Getty Deletes Sexist Gallery Of Football World Cup Fans
Photo agency Getty has deleted its “sexist” gallery of Football World Cup fans. The campaigners as well as social media users criticised the agency for putting the photos of the “hottest fans”, reported The Guardian.
The “sexist” Getty gallery
The album, with the sub-heading of “Talk about a knock-out round”, consisted of pictures of women. These were tweeted with a description saying “The hottest fans at the #WorldCup”. This was later removed. One user had replied to the tweet and commented “The 1970s called and they want their misogyny back”.
In a report by The Guardian, a spokesperson from ‘This Fan Girl’ said, “This list from Getty that has come out today is so disappointing. They need to do better; because of their size and influence, they have a huge responsibility to not perpetuate the toxic male primacy that exists in football.”
‘This Fan Girl’ is a campaign group who are focused to transform the stereotypical image linked with female football supporters. They have been trying to improve the search results of female football fans.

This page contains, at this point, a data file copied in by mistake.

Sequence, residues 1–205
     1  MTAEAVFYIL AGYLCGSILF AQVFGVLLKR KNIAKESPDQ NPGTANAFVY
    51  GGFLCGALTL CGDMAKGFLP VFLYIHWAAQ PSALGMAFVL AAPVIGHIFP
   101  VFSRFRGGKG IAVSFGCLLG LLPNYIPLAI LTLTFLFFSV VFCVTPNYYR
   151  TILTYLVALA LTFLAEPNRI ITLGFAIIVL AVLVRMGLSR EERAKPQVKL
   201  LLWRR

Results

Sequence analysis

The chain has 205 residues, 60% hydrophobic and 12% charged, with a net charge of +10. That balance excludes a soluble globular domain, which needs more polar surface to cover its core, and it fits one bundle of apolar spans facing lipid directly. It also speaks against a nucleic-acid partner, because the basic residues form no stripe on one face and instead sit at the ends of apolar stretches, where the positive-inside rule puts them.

While they acknowledged that the scenario of portrayal of female fans is changing, there is still a lot of work to be done. Jason Cundy’s comments on female match commentators and groping of Julieth Gonzalez Theran while she was doing a live broadcast are instances which prove this.
Sensing the increasing criticism that the agency was receiving, they removed the photos and said, “Earlier, we published a piece, ‘World Cup 2018: The Sexiest Fans’, that did not meet our editorial standards. We regret the error and have removed the piece. There are many interesting stories to tell about the World Cup and we acknowledge this was not one of them.”
A company spokesperson also said that an internal investigation will also be conducted as permission from the women who were featured in the photos was not taken before publishing them on the site.
They added, “Getty Images holds a deep belief in the power of visuals to incite change and shift attitudes and we have done, and will continue to do, much work to promote and create a more evolved and positive depiction of women.”